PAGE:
The legal validity of contracts signed with advanced electronic signatures

Posted by media on January 10, 2017 at 9:00 AM

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In Spain, the legal effects of contracts are governed by private law. The Spanish legal system has granted autonomy to parties, giving them freedom to agree or negotiate the aspects that are of their interest (provided they are not illegal and do not violate morality and good manners). Therefore, such agreements shall be binding for the parties.

The latter is based on the fundamental principle of the Spanish Civil Law called "pacta sunt servanda", and on the effects of Article 1258 of the Spanish Civil Code, which states: "contracts are perfected by mere consent, and since then they are compelling, not only to the fulfillment of what they expressly agreed, but also to all consequences that, according to their nature, are in accordance with good faith, use and law. 

In this post we want to talk about the legal effects of contracts signed by parties that are in different places at the time of signing, and who sign the contract via a technological medium such as the advanced electronic signature.

This post is also available in Spanish.

The legal validity of contracts

As indicated by the Spanish general norms of law, in order for the act negotiated or agreed by the parties to have legal validity, it is important that the following elements concur, as stated by the Spanish Civil Code:

  • that there is the will or consent of the parties (articles 1.262 to 1.270),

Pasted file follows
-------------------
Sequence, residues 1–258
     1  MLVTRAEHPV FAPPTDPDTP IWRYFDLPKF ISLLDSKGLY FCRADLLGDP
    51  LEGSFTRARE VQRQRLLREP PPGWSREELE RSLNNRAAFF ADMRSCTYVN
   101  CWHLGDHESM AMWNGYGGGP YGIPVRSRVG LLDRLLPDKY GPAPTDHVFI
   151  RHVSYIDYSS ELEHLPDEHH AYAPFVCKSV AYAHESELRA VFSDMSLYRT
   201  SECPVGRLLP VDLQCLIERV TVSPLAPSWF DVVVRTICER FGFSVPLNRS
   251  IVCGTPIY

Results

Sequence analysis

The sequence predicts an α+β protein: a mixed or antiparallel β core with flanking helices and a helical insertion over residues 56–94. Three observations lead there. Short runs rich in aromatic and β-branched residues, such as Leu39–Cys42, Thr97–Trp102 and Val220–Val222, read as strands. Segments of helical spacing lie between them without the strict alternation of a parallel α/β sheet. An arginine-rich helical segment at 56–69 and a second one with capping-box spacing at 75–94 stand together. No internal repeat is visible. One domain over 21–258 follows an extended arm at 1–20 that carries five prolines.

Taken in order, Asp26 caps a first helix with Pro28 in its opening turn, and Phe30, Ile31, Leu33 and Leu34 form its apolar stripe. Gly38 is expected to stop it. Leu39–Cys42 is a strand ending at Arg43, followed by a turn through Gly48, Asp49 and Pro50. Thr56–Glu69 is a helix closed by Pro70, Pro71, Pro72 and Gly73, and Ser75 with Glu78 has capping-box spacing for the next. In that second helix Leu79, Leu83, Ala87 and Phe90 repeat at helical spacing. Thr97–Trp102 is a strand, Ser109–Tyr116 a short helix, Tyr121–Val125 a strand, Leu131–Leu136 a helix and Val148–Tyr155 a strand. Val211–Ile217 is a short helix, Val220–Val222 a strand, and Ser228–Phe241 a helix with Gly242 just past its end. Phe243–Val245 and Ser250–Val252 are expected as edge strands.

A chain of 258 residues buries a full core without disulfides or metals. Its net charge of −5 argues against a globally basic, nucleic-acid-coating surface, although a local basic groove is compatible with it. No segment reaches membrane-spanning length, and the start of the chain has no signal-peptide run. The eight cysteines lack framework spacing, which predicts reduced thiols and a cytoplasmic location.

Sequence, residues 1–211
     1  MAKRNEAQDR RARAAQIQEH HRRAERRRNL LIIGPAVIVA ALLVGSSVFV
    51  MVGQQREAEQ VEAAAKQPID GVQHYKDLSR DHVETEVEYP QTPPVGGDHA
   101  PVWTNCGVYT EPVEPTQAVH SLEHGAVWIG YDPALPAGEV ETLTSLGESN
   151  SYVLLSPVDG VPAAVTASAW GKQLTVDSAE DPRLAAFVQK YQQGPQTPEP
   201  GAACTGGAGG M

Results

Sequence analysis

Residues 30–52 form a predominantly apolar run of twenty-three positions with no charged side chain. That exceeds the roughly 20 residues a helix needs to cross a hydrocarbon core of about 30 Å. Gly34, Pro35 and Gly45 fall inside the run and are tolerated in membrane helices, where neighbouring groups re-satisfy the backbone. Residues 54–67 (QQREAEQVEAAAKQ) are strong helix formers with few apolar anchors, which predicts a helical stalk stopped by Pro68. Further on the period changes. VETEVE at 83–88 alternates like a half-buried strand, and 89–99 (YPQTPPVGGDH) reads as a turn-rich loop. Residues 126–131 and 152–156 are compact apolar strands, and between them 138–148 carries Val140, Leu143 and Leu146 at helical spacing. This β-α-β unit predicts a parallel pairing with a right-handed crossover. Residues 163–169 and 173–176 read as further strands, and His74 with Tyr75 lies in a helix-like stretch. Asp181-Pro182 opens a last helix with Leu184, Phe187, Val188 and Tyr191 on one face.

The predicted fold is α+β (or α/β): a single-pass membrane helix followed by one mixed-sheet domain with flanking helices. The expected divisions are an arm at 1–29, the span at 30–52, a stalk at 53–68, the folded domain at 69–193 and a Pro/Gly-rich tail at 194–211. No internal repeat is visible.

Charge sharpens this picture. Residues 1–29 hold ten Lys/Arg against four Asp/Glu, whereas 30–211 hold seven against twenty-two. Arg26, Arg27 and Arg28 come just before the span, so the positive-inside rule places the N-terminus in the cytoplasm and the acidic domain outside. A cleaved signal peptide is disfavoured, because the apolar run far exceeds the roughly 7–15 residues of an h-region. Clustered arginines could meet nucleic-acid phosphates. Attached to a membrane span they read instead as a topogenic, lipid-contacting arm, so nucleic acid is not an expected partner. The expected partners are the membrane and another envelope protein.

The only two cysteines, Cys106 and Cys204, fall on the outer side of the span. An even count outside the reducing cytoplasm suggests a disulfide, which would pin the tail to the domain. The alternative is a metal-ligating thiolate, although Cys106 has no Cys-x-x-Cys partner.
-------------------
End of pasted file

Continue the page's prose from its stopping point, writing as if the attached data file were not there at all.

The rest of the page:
• that there is an object or contractual purpose (articles 1271 to 1273) and
  • that the mentioned object is based on a legal cause (articles 1274 a 1277).

The current use of technological means allow for the consent to be manifested regardless of the place where the parties are located. This means that the consent which was once expressed through a handwritten signature in a given scenario, would be formalized in different scenarios by using an electronic signature. In case the contract is signed electronically, it would have legal validity when the same elements mentioned in the previous paragraph occur, which apply equally to the contract signed in person.

How to demonstrate that the legal elements necessary have occured for a contract signed in virtual environments to have legal validity?

In contracts formalized in virtual environments there is  legal validity when it can be demonstrated that the consent has been given by the party/s linked to the contract by an electronic signature, thus fulfilling the legal requirements mentioned at the beginning of this post.

In this regard, there are currently technological tools or solutions that offer the advanced electronic signature service, which allows compliance with the legal standards required by law, thus enabling the acts issued by the parties to be valid and binding.